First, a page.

Rossellini, who rose to prominence in the 1940s and 1950s as the man who singlehandedly invented the Italian Neo-Realist film movement with such films as Rome, Open City (1945) and Germany, Year Zero (1948), demonstrates his passion for history in this magnificent recreation of court life and culture. The shift in his style and agenda concerning filmmaking may take most by surprise. The entire concept of shooting a film about French royalty seems to be the polar opposite of what Rossellini tried to accomplish with his early career. But the truth is that by the 1960s, Rossellini had grown tired, and even contemptuous, of modern cinema. In 1962, he held a press conference in a Rome bookstore where he announced that the cinema was dead. He declared that, “I intend to retire from film and dedicate myself to television, in order to be able to reexamine everything from the beginning in full liberty, in order to rerun mankind’s path in search of truth.”
And so Rossellini started a second career of historical dramas for television. Between 1962 and 1977, he made a massive 42 historical films. These films focused frequently on major historical figures, such as the Apostles, philosophers, and great leaders. Perhaps due to the disorienting disconnect with his earlier, more popular career as a Neorealist, this body of work has been largely neglected and forgotten. But indeed, it represents one of the most fruitful eras in one of the cinema’s greatest minds. In addition to being superior films in their own right, they reflected Rossellini’s new mission statement of educating the masses through cinema. Therefore, they were painstakingly created to be as historically accurate as possible. Many of these films seem to transcend their origin as costumed dramas and become literal windows into the past. Of these films, The Taking of Power by Louis XIV is one of the greatest and most fascinating.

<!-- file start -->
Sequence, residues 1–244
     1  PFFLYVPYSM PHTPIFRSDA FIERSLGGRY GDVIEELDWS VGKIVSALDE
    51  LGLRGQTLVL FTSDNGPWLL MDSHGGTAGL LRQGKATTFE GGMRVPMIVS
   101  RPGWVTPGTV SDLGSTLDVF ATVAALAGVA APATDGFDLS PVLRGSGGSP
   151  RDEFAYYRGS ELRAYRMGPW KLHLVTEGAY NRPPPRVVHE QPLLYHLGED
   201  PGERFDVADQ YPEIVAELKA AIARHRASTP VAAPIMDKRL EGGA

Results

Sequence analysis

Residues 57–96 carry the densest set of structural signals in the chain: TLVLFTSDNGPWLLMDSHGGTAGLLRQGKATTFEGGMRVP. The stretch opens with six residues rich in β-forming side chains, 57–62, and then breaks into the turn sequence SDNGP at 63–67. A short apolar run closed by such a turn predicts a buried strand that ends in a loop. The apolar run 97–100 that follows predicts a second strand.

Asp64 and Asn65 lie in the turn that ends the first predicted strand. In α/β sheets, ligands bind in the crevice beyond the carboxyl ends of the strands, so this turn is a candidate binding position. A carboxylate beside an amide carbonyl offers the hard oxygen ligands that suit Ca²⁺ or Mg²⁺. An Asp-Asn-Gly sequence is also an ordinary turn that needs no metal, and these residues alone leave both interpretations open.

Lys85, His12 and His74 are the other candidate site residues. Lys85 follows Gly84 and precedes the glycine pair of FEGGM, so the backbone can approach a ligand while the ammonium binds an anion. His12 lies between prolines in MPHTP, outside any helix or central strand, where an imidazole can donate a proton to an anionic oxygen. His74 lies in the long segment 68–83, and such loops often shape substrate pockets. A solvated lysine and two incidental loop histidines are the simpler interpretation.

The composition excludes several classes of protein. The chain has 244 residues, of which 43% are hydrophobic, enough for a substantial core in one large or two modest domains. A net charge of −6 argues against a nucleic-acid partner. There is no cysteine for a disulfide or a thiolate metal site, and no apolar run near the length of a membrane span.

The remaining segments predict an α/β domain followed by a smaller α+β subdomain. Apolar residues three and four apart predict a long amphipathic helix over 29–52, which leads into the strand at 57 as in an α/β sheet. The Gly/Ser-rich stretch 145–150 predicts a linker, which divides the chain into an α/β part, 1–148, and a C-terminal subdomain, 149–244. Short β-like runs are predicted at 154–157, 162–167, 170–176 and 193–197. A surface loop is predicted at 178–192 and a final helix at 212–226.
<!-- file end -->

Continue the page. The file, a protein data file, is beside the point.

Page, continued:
True to Rossellini’s Neorealist roots, the star of his film was not played by a professional actor, but instead an office clerk named Jean-Marie Patte. Having never acted in front of a camera before, Patte was terrified throughout filming, so much so that he was never able to learn his lines and had to have them held up on boards for him to read. The result was a strange effect where Patte never actually looks at his fellow actors during conversations since he was too busy looking at his lines. As such, Louis maintains an air of perpetual detachment from the reality of court life and the political machinations that secured his throne. Rossellini seizes upon this by portraying Louis as a man so certain in his pursuit of power that he does not even have to try, feeling confident in his divine right to rule.